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We are building a product that will make use of multiple Lightning Web Components (LWCs), and some of those will make use of @AuraEnabled Apex methods. We also plan to provide an API that non-LWC UI can access. (In the past, we have provided such APIs by using @RestResource Apex classes receiving and sending JSON.)

Our present idea is to go ahead and build the @AuraEnabled Apex code methods/classes first, and then later wrap them in a single @RestResource Apex class that dispatches the requests according to the URL pattern to the relevant @AuraEnabled methods/classes. (I assume in this case the @AuraEnabled(cacheable=true) annotation will be ignored.)

Has anyone done this? Pros/cons?

  • 3
    From a separation of concerns perspective it is better to provide the business logic in one class and to provide appropriate (at)AuraEnabled and (at)RestResource facades in two separate classes that leverage the business logic class. – Phil W Feb 4 at 15:50
  • Yep @PhilW, Yeah fair point. Perhaps the separation should be at the method level e.g. the @AuraEnabled method calls a plain method (also called by the @RestResource code), but then that is close to what I am already proposing. The only extra concern for the @AuraEnabled case is the @AuraEnabled annotation... – Keith C Feb 4 at 16:16
  • 2
    Well, it rather depends on whether the business logic is 1:1 with any one of the methods exposed to the "APIs". I said "facade" because these frequently provide a way to view and interact with the business logic and related data is subtly different ways. One of the benefits of such an approach is allowing you to refactor the behind-the-scenes code without impacting any of your APIs (you can also think of these as the traditional layers in an application - front end<->API<->business logic<->persistence). The API layer might also encapsulate more of the security concerns too. – Phil W Feb 4 at 16:45
  • Hi @PhilW, thanks for your attention here! If a layer does something significant then +1; I'm allergic to thin layers that just cause method interfaces to be duplicated e.g. the ugly controller/helper setup in Aura. – Keith C Feb 4 at 16:49
  • 2
    @PhilW, In this case, I don't think we would want separate access rights for the two access mechanisms, but you are right that security needs to be factored into the approach (as always). – Keith C Feb 4 at 17:57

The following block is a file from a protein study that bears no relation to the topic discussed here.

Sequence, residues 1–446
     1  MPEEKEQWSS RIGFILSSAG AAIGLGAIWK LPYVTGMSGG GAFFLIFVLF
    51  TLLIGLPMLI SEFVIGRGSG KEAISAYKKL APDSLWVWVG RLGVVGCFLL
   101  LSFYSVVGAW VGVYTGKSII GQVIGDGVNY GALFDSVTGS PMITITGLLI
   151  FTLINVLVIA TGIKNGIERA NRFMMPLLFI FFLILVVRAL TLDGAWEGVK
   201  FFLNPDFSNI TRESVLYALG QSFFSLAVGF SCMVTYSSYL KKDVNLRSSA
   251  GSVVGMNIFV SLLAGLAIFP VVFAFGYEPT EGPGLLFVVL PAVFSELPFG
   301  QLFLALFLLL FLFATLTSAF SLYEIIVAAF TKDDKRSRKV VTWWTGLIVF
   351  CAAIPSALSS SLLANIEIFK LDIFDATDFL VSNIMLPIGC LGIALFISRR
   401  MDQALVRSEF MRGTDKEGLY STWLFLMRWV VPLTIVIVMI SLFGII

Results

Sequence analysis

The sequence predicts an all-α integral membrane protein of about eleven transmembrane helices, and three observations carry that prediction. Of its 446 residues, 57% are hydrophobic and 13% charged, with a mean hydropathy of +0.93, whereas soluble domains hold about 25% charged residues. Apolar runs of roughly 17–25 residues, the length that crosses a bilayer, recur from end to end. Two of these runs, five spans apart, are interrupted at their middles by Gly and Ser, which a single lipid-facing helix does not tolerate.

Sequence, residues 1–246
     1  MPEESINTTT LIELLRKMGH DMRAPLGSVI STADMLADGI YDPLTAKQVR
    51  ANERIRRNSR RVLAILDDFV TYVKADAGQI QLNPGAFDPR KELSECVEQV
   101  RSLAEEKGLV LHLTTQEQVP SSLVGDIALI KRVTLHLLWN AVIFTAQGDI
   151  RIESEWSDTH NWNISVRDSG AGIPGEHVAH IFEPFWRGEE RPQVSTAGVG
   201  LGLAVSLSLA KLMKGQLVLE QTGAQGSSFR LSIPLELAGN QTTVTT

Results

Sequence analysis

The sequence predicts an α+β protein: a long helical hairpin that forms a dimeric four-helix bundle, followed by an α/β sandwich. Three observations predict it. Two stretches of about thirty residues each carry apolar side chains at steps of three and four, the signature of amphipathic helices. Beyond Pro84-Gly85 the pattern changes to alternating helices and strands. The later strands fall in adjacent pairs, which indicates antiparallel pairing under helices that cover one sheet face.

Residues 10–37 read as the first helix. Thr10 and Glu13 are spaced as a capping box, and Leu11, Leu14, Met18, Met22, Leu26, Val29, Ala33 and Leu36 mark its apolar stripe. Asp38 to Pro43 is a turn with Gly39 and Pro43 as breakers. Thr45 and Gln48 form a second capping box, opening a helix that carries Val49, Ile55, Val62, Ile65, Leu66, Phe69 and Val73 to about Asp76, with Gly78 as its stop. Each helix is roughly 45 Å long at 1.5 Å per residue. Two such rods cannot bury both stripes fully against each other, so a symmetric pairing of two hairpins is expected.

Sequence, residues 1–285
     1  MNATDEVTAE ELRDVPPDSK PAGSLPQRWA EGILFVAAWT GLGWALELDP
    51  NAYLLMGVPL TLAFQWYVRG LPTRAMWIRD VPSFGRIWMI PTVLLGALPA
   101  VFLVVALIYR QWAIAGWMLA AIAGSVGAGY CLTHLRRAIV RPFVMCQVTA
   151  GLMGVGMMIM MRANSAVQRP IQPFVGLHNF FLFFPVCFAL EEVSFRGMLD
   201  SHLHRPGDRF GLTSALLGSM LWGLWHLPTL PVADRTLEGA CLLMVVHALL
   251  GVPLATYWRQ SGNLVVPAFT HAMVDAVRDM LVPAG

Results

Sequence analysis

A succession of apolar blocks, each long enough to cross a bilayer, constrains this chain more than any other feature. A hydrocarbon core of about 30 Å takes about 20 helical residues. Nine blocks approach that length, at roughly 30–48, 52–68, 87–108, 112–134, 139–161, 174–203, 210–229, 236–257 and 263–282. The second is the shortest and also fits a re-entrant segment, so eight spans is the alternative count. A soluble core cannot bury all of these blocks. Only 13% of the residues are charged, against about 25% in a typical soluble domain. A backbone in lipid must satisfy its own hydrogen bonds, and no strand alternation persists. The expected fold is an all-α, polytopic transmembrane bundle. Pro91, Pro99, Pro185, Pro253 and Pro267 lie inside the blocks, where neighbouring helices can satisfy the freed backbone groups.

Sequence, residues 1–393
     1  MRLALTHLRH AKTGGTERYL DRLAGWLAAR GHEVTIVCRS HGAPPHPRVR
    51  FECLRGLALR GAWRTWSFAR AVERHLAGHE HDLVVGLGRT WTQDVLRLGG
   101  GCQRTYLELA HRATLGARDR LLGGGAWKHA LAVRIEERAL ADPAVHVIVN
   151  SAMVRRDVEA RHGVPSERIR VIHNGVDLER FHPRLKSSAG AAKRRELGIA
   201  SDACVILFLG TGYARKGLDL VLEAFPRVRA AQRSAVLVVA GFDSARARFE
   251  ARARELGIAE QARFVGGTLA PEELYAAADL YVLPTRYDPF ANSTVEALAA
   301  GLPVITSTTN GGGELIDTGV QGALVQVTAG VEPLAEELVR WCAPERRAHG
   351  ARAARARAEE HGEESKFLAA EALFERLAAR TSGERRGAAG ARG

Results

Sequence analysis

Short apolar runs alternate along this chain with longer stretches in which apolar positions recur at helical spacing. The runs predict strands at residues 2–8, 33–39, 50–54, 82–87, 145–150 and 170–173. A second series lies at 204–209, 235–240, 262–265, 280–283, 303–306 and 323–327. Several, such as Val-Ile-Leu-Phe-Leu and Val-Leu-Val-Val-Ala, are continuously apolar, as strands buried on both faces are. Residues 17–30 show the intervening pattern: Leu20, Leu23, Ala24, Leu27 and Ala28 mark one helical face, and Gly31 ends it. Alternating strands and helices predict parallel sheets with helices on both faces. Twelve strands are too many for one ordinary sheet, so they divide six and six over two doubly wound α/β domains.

2

Initial coding of the KISS solution:

global class Aura {

    // Call this from the REST API
    public static Object execute(String operation, String requestJson) {
        switch on operation {
            when 'op1' {
                return op1((Op1Params) JSON.deserialize(requestJson, Op1Params.class));
            }
            when 'op2' {
                return op2((Op2Params) JSON.deserialize(requestJson, Op2Params.class));
            }
            ...
        }
    }

    // Method used by LWC
    @AuraEnabled
    global static Result__c op1(Op1Params params) {
        ...
    }

    // Method used by LWC
    @AuraEnabled
    global static Result__c op2(Op2Params params) {
        ...
    }

    ...
}

and:

@RestResource(urlMapping = '/xyz/...')
global inherited sharing class Rest {

    ....

    @HttpPost
    global static void doPost() {

        Savepoint sp = Database.setSavepoint();
        try {
            dispatch(RestContext.request, RestContext.response);
        } catch (AuraHandledException e) {
            res.responseBody = Blob.valueOf(e.getMessage());
            res.statusCode = BAD_REQUEST;
            Database.rollback(sp);
        } catch (Exception e) {
            res.responseBody = Blob.valueOf(sanitizedMessage(e));
            res.statusCode = INTERNAL_SERVER_ERROR;
            Database.rollback(sp);
        }
    }

    private static void dispatch(RestRequest req, RestResponse res) {

        String[] parts = req.requestURI.split('\\/');
        String operation = parts.size() > 1 ? parts[1] : null;
        String requestJson = req.requestBody.toString();

        Object result = Aura.execute(operation, requestJson);

        res.responseBody = toJsonBlob(result);
        res.statusCode = OK;
    }
}
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